Blog haze: it’s the dimmed state of consciousness that comes from reading too many blog entries about such and such a remix creative commons resampled installation art piece about intellectual prop . . . there, see I’ve already fallen asleep. But wait, this is really, truly, incredibly cool. If you don’t believe me, just watch the video.




The bizarrely-capitalized sCrAmBlEd?HaCkZ! takes an audio sample, slices it up into rhythmic slices and categorizes it in a database by spectral content, and then (here’s the good part) retriggers the audio based on an input. In other words, you can beatbox into a microphone and get a totally mashed-up version of MC Hammer in response. Check out the entertaining video for a sense of what’s going on.


The software itself will be unleashed on the masses, open source; it was created with c++, Python and PureData. (Okay, so you have to know not one but three geeky things. So we’ll probably just watch the video and leave it at that.) As near as I can tell from the software page, Pd does the audio/video playback, C++ does the analysis, and Python is the database. There are no effects: this is really just a (very clever) playback mechanism.


For the world beyond cool online videos, I do think vocal input has been wildly underutilized in new music tech. I could see an interface like this completely reconceptualized for a wide variety of material (think melodic or timbral re-slicing) . . . and who’s to say you have to use 80s music videos?


Via Music thing.


Previously:
Recycle TV: Remixed TV Beats


DIYers, take note — this previous TV remixer project also released source code, in Max/MSP (no mucking about with C++ and Python code, if that scares you!)

  • m15a

    very interesting! agree about vocal input. (almost) anyone can talk. been meaning to do something with that myself . . might just steal something from this idea. :)

  • admin

    Well, that raises an interesting question — how else to implement ideas like this. C++ and Python and Pd are a bit much for most musicians, and developing in a single app could mean more ways to customize the software for different musical applications.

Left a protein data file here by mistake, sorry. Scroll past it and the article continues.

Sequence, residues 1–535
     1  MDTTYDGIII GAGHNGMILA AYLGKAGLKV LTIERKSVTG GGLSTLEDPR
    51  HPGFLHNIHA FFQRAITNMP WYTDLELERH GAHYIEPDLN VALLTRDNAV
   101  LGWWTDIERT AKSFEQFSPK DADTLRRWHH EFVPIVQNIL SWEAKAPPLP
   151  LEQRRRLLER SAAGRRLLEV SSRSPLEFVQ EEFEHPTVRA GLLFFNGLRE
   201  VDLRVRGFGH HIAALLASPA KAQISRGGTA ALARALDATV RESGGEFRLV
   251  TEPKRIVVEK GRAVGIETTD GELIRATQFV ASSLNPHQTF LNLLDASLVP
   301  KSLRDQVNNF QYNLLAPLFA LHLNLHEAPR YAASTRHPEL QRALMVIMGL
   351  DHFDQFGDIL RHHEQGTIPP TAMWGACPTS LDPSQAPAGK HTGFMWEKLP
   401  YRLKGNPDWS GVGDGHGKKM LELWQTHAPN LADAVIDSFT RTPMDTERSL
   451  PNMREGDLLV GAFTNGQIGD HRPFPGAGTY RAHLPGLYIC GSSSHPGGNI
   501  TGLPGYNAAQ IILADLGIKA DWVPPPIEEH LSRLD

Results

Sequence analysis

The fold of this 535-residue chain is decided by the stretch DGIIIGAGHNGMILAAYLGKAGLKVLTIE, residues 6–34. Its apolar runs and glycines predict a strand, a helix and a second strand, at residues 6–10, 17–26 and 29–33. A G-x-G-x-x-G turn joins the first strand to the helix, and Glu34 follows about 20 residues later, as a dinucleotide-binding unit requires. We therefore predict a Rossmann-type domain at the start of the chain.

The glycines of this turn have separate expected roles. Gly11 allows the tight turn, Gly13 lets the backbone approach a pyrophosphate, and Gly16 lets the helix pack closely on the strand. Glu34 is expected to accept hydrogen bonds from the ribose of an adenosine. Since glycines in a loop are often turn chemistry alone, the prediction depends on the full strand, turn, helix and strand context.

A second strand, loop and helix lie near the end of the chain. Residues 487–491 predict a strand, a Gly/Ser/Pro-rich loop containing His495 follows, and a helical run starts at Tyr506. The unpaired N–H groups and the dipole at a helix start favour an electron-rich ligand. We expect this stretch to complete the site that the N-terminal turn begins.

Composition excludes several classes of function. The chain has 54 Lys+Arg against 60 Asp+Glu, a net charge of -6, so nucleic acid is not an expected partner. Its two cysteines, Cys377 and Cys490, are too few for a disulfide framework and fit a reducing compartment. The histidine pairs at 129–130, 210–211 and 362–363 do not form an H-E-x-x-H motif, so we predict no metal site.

I could see doing some of this sort of analysis in Max/MSP, or even Reaktor. Tricky bit is doing something with the spectral analysis — using that to trigger something else is most definitely the hard step.

    This is certainly a far cry from a vocoder, but the idea of abstracting input from output is related.

    Curious to hear ideas.

  • tom

    Sven's cool video is now on YouTube: http://youtube.com/watch?v=eRlhKaxcKpA

  • dawhead

    admin's comment drives me nuts. i don't hear people saying "its too hard to play the piano, there must be an easier way to realize this idea". how many "musicians" are going to come up with the idea of an N-dimensional space to represent spectral similarity? and when they do, is python likely to intimidate them? finally, if you want to mess inside the tools, you've got to learn the tool builders skills. if you want to build or tune a piano or a guitar or even a MIDI stick, its an entirely different set of skills than playing such a beast. likewise for this tool

  • admin

    I think you misunderstood me, if I'm following you correctly. I agree with you completely. I'm not suggesting an easier way of doing exactly the same thing. I'm suggesting possible *different* ways of doing *different* things . . . given this fellow has already built his own, excellent performance act. I admire both the technical and artistic acheivement of what he's done (and this is a rare case in which each is served up in good measure).

    Anyway, to someone skilled at C++, Reaktor can be foreign and challenging.

    And yes, to many musicians, the thought of C++, Python, and even Pd can be frightening, hence my comment in the story. I'm guessing some readers here will want to sit back and watch the video. I also know for a fact many readers here are skilled coders — by hobby or profession — so your point is well taken; I'm the last person to disagree (or I wouldn't be noting what programming tools are used in the first place).

    Peter

  • m15a

    i consider myself a tech person before a musician (although maybe regretably). but i still wouldn't want to deal with 3 languages if i didn't have to. easier solutions would likely lead to more (tech/software) "hobbyists" trying out something like this than "musicians". of course those two groups overlap, as shown by this website (cdm, that is).

    also, i might think that there are some people who think that the piano could be improved upon for their own creative purposes. (for one, microtonalists, um, xenoharmonicianista . . . nm) the difference is that "piano" is well established and harder (more expensive) to fiddle around with. and then there's john cage, who was a musician who did mess with the piano technology very successfully.